Don't Make Me Think!: a Common Sense Approach to Web Usability

Don t Make Me Think a Common Sense Approach to Web Usability PLEASE PROVIDE COURSE INFORMATION PLEASE PROVIDE

  • Title: Don't Make Me Think!: a Common Sense Approach to Web Usability
  • Author: Steve Krug Roger Black
  • ISBN: 0029236723101
  • Page: 287
  • Format: Paperback
  • PLEASE PROVIDE COURSE INFORMATION PLEASE PROVIDE

    One thought on “Don't Make Me Think!: a Common Sense Approach to Web Usability”

    1. Well, this is an absolute gem of a book. I picked this up the day after finishing Beautiful Code and to be honest, really wasn't in the mood for any more particularly heavy content for a few days.But Steve Krug makes the topic of web usability genuinely entertaing. He holds a light writing style with a touch of wit that helps to keep your attention from cover to cover. Add to that the short size of the book at only a couple of hundred pages, and the vibrant but clear layout and you've got a book [...]

    2. عندما فتحت المساحة المخصصة للمراجعة كنت أنوي الكتابة بالإنجليزية، لكن دافع قومي ربما جعلني أكتب بالعربيةالكتاب جيد و دمه خفيف، وشرحه واضح جداً، لكن موجه بشكل كبير للمواقع التجاريةلكن مثلا المواقع الحكومية، المواقع التعليمية كلها تحتاج معايير لقابلية الاستخدام تختلف عن ا [...]

    3. كتاب مميز و بسيط جداً فكرته قائمة على العنوان " لا تجعلني أفكر " فهو يعطي فكرة لكل مبرمج أو مطور للمواقع أن يقدم موقع للزائر بحيث يكون الموقع بسيط و سلس و واضح دون حاجة ذلك الزائر لإن يدخل - بالحيط - حتى يتمكن من فهم قصدك كمبرمج للموقع .و حتى إن لم تكن مبرمجاً يمكنك بكل بساطة التعا [...]

    4. I read this handbook on Web usability for work related reasons. It was originally published in the early 2000’s, shortly after Jakob Nielsen’s Designing Web Usability. Both Krug and Nielsen have since become (along with Steve Jobs and Jony Ives, at Apple) the head honchos of Web Design.This short and highly readable book covers topics such as: how people really use websites (they don’t actually read, they like to scan and browse mindlessly… but we already knew that, didn’t we?), how to [...]

    5. MUST READ for anyone with any say over the look & feel of a commercial web page (designers, managers, marketing people, executives, etc.). It's a quick and easy read and is like having my own web usability consultant. and LOTS of other sites should have their managment teams read this.

    6. I was predisposed in favor of this book because it's the most-voted-for on the UX Stack Exchange. It wasn't all I'd hoped it would be. If this were the first text about usability I'd read, I might have gotten more out of it. As it was, the overwhelming majority of the topics presented seemed patently obvious to me.One thing this book has going for it is its brevity. Before agreeing to publish a second edition, Krug insisted upon first discovering what could be removed from the first edition so t [...]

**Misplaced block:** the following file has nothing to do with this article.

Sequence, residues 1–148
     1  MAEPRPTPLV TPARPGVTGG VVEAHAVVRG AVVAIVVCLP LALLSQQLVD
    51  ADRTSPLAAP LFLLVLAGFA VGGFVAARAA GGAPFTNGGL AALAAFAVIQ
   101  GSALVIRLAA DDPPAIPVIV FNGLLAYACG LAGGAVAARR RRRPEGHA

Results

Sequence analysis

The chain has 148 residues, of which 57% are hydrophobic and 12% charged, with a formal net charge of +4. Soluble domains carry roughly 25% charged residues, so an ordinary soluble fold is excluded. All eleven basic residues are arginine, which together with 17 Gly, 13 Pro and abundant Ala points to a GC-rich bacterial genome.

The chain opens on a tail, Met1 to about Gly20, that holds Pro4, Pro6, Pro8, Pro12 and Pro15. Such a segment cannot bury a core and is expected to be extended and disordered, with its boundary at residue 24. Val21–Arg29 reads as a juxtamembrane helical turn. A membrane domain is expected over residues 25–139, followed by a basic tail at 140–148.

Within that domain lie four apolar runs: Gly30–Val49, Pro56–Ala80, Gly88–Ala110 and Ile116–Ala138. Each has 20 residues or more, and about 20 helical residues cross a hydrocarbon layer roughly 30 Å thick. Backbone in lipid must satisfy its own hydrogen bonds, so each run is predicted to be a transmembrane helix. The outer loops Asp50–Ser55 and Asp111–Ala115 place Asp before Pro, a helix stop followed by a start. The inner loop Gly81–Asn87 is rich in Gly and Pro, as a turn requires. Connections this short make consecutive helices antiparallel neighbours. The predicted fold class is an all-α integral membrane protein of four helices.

7. این کتاب رو خودم یه نگاهی فقط بهش انداختم اما یکی از دوستان خلاصه‌ای رو ازش در اختیارمون گذاشت.درسته که کتاب نسبتا قدیمی محسوب میشه اما نکات مهمی توش هست و به عنوان لیستی از چیزهایی که باید/نباید رعایت کنیم رو در بهمون میده. برای شروع یو ایکس میتونه مفید باشه.

    8. This book is what it states - a common sense approach to web usability.The book lays bare the facts, that - 1. Users do not read the text in a web page.2. Users muddle through a web page, no matter how well thought out the layout, and menus are.And as a designer, your task is to take these two facts into account when designing your website.The author, Steve Krug, is very perceptive. While this is evident throughout the book, what did it for me was the footnote about the Site ID being on the top [...]

    9. An excellent introduction to creating usable websites. As the title states, every website’s design and functionality should be so simple that people barely need to think to use it. The book’s 2nd edition is from 2005, so some examples are dated, but the concepts are quite relevant. This was a fun read due to its straightforward style and Krug’s humor.When I started looking for web design books, Steve Krug’s classic on web usability frequently appeared at the top of most lists, along with [...]

    10. Ironic that this book makes the reader think - think about design and views on life, all at once. An excellent book for stimulating the brain to think and view the world in new ways.